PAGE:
To illustrate this point by example, economics represents one small chapter of the Investments section of the CFP curriculum. In contrast, econometrics and statistics alone was a semester long 300 level course in my undergraduate economics studies. This is not to suggest that the CFP program does not provide adequate training and preparation for a career in financial planning, but to assert that the CFP designation trumps a graduate or even undergraduate degree in finance or economics is difficult to defend. This was my counterpoint to Mr. [Dan] Moisand’s bellicose labeling of non-CFP certificants as “faux planners”.

Source: http://www.fa-mag.com/online-extras/4037-revisiting-cfp-credentialing.html

Moreover, he stated that:

In fairness, some of Dr. Basu’s ideals on the educational standards for financial planning certification seem a bit extreme as well. For instance, I can’t imagine subjecting doctors, attorneys, or even business school professors to periodic recertification exams.”

Source: http://www.fa-mag.com/online-extras/4037-revisiting-cfp-credentialing.html

The Big Question

And so, the big question for financial advisors and Certified Financial Planners®: Is the College for Financial Planning, a college at all? Is it accredited and more importantly, who accredits it? If not; why not? And, was the name “college” purposely selected to obfuscate?

Moreover, and of more importance to our physician readers, FAs and ME-P subscribers: Do doctors, attorneys or business school professors need to periodically recertify themselves by examinations?

IOW: Is Mr. Robinson correct or not – in fact or meaning – on one or both accounts? How about Dan Moisand? Am I, or Mr. Robinson, a “faux” planner?

Assessment

A paper co-authored by Mr. Robinson, entitled, “Reality Check: The implications of sustainable withdrawal analysis on real world portfolios” was awarded the CFP Board of Standards’ 2008 Outstanding Paper Award. He does not hold the CFP® designation.

Disclosure

Among many other “hats”, I am a former licensed insurance agent, certified financial planner, board certified surgeon, visiting B-school professor, and current academic provost for the CMP™ online program in health economics and medical practice management for fiduciary consultants. Our goal is to “raise the bar” for all colleagues in this space.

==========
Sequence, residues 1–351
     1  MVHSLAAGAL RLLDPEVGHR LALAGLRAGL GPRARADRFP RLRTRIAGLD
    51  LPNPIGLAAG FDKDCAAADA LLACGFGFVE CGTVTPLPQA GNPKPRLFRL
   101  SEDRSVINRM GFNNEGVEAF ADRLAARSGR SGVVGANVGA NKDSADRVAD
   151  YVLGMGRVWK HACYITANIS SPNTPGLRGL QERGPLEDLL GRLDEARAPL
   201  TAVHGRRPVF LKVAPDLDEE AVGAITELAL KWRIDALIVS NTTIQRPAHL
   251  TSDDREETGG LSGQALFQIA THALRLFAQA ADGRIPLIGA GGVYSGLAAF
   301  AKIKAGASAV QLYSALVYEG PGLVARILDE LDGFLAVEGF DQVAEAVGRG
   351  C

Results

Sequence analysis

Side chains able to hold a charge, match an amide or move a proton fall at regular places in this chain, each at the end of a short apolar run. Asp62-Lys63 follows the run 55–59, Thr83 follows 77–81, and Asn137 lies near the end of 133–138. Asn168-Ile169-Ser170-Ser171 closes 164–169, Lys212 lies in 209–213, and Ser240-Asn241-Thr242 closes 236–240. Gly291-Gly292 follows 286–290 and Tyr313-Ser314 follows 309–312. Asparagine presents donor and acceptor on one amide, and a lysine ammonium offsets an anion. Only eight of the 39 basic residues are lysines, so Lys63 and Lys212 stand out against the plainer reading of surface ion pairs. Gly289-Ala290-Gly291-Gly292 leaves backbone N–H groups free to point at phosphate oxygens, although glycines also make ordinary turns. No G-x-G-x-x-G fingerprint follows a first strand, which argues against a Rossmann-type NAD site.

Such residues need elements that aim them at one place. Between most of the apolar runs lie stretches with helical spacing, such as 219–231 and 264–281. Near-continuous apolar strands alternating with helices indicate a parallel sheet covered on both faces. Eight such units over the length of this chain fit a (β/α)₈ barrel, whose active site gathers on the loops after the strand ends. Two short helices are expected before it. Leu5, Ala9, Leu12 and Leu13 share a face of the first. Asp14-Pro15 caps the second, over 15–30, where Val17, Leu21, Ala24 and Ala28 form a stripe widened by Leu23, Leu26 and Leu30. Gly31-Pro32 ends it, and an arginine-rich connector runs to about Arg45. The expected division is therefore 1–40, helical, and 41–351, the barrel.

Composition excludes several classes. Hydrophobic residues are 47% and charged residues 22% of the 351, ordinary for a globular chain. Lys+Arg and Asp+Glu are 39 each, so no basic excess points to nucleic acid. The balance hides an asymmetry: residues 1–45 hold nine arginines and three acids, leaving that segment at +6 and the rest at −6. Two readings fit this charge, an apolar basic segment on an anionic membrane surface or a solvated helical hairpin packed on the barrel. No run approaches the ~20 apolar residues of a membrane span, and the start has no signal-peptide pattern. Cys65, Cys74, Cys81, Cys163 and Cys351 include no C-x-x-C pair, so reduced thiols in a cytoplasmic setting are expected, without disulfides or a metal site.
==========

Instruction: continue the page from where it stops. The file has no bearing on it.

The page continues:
Update 2013:

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I Jealously “Shake my Fist” at Somnath Basu PhD

On CFP® Mis [Trust] – One Doctor’s Painful Personal Experience

[“So Sorry to Say it … but I Told You So”]

By: Dr David Edward Marcinko; FACFAS, MBA, CMP™

[Publisher-in-Chief]dem21

According to Somnath Basu, writing on April 6, 2009 in Financial Advisor a trade magazine, the painful truth is that many financial practitioners are merely sales people masquerading, as financial planners [FPs] and/or financial advisors [FAs] in an industry whose ethical practices have a shameful track record. Well, I agree, and completely. This includes some who hold the Certified Financial Planner® designation, as well as the more than 98 other lesser related organizations, logo marks and credentialing agencies [none of which demand ERISA-like fiduciary responsibility]. For more on this topic, the ME-P went right to the source last month, in an exclusive interview with Ben Aiken; AIF® of Fi360.com  

fp-book4

The CFP® Credential – What Credential?

Basu further writes that stockbrokers and insurance agents who earn commissions from buying and selling stocks, insurance and other financial products realize that a Certified Financial Planner® credential will help grow the volume of their business or branch them into other related and lucrative products and services. After all, there are more than 55,000 of these “credentialed” folks. And, this marketing designation seems to have won the cultural wars in the hearts and minds of an unsuspecting – i.e., duped public; probably because of sheer numbers. Didn’t a CFP Board CEO state that its’ primary goal was growth, a few years ago? Can you say “masses of asses”, as the oft quoted Bill Gates of Microsoft used to say when only 2,000 micro-softies defeated 400,000 IBMers during the PC operating system wars of the early 1980’s. Quantity, and marketing money, can trump quality in the public-relations business; ya’ know … if you repeat the lie often enough … yada … yada … yada! Yet, as the so-called leading industry designation, the CFP® entry-barrier standard is woefully low. Moreover, the SEC’s [FINRA] Series #7 general securities licensure sales examination is not worth much more than a weekend’s study attention, even to the uninitiated.

insurance-book2

Easy In – Worth Less Out

In our experience, we agree with Basu and others who suggest that scores of lightly educated, and sometimes wholly in-articulate and impatient individuals are zipping through the CFP® Board of Standards approved curriculum in three to six months of online, on-ground, or “self-study”. But, that some can do so without a bachelor’s degree when they join wire-houses and financial institutions, which cannot be trusted to adequately train them, is an abomination. And, even more sadly, some of these CFP™ mark-holders, and other folks, believe they have actually received an “education” from same. Of course, their writing skills are often non-existent and I have cringed when told that, in their opinion, advertiser-driven trade magazines constitute “peer-reviewed” and academic publications. Incidentally, have you noticed how thin these trade-rags are getting lately? Much like the print newspaper industry, are they becoming dinosaurs? One agent even told me, point-blank, that his CLU designation was the equivalent of an “academic PhD in insurance.” This was at an industry seminar, where he thought I was a lay insurance prospect.